Arun Misra, VP (Project Gopalpur), and MD, Tata Steel SEZ: The location of Tata steel plants in Jamshedpur was decided keeping in mind the proximity to the mines and water resources, but later there was a realisation that in modern times it is ideal to set up a steel plant close to ports. If the manufacturing units move closer to the ports, the means of freight movement by road or rail becomes irrelevant. As per current trend, more and more manufacturing zones will be located around the ports and the port operators would be less dependent on the hinterland. China is an example, which during the Beijing Olympics relocated its steel plants closer to ports to bring down logistics cost. Considering these aspects, Tata Steel SEZ is a perfectly placed location for manufacturing activity closer to Gopalpur port. Though initially Tata Steel plant was planned near Gopalpur way back in 1996 but due to lack of fresh water and high cost of desalination during those times the plant idea was shelved. Following which the steel unit was set up in Kalinganagar. Tata Steel SEZ at Gopalpur is multi-product economic zone and the project is poised for environmental clearance upto red category which will allow location of hazardous industries there. The SEZ is well connected by rail, road and port. There is monopoly in tariff offered by road and rail, and the logistics companies feel that they shouldn’t be paid as per the value they add rather as per the value of the cargo they carry. These issues, including the transport union related challenges have been raised by industrial associations on various forums. Even in Gopalpur, ferrochrome movement by container is shipped through Visakhapatnam due to lack of container handling facility at Gopalpur. Industries in the region are exposed to the monopolistic service by logistics players in the name of transport union. These issues need to be sorted out and as industries shift near to the port, they will be trusted suppliers of cargo to the port.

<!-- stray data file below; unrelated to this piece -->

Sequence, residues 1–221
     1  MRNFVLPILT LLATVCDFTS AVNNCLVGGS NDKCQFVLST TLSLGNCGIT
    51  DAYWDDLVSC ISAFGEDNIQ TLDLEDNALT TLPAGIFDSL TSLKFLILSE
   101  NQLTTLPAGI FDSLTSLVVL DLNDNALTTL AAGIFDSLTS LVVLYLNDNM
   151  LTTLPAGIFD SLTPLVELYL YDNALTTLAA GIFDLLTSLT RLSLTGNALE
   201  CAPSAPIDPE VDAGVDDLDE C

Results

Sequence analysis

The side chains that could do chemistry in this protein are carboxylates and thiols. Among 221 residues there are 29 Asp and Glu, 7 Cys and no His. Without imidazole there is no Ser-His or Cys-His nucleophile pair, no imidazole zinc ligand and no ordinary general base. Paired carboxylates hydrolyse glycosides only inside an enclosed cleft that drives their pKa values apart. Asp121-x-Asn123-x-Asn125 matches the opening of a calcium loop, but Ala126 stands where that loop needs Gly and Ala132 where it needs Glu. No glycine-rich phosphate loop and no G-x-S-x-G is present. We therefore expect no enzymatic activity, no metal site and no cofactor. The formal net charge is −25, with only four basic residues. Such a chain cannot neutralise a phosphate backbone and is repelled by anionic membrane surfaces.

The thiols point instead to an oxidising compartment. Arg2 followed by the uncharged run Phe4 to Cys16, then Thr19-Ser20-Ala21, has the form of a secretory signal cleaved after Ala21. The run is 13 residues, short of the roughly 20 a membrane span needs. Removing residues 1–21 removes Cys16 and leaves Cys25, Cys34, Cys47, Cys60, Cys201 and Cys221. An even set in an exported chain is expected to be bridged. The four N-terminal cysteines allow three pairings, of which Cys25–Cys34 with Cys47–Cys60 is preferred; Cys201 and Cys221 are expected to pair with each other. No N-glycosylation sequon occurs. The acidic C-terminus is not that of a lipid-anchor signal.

Dhruv K. Kotak, Joint MD, J M Baxi Group: There has been an impression in the region that logistics companies are opportunistic but soon the image would change. A major milestone is the progress in digitalisation, especially in the port sector. With the initiative by the government there will be a comprehensive Port Community System in place within the next 6 months. It will offer single window solution for all document exchange. It will allow the manufacturers, shippers as well as the service providers to carry out documentation on the go. JM Baxi led Portall is in the forefront of developing this technology for the Indian government. PICT will play the role of a container terminal as well as a clean cargo handling facility. Coming to the issue of transport unions, the bigger eco-system will take some time to be developed in the state to make things fall into places. Even due to the issues with road transport union, there is also opportunity for private rail operators to serve short distance cargo. The relaxation of cabotage will have huge impact on container trade, because places like Kolkata, Chennai and Chittagong have surplus of empty 20” inventory which can be delivered at Paradip instead of Singapore or Colombo which will enable creation of a supply chain for major exporters in the region.
L to R: Mukesh Oza, Group President & CEO, Samsara Group; Santosh Kumar Mohapatra, IAS(RETD); Capt BVJK Sharma, Joint MD & CEO, JSW Infrastructure; Arun Misra, VP (Project Gopalpur), and MD, Tata Steel SEZ; Dhruv K. Kotak, Joint MD, J M Baxi Group
Rapt audience in a session